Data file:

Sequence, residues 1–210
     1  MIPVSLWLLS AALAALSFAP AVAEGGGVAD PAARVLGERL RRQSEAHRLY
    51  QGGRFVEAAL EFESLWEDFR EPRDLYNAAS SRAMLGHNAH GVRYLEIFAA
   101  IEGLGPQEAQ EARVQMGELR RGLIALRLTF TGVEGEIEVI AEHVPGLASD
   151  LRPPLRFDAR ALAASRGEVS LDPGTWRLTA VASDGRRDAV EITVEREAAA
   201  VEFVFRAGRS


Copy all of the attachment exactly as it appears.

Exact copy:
Sequence, residues 1–210
     1  MIPVSLWLLS AALAALSFAP AVAEGGGVAD PAARVLGERL RRQSEAHRLY
    51  QGGRFVEAAL EFESLWEDFR EPRDLYNAAS SRAMLGHNAH GVRYLEIFAA
   101  IEGLGPQEAQ EARVQMGELR RGLIALRLTF TGVEGEIEVI AEHVPGLASD
   151  LRPPLRFDAR ALAASRGEVS LDPGTWRLTA VASDGRRDAV EITVEREAAA
   201  VEFVFRAGRS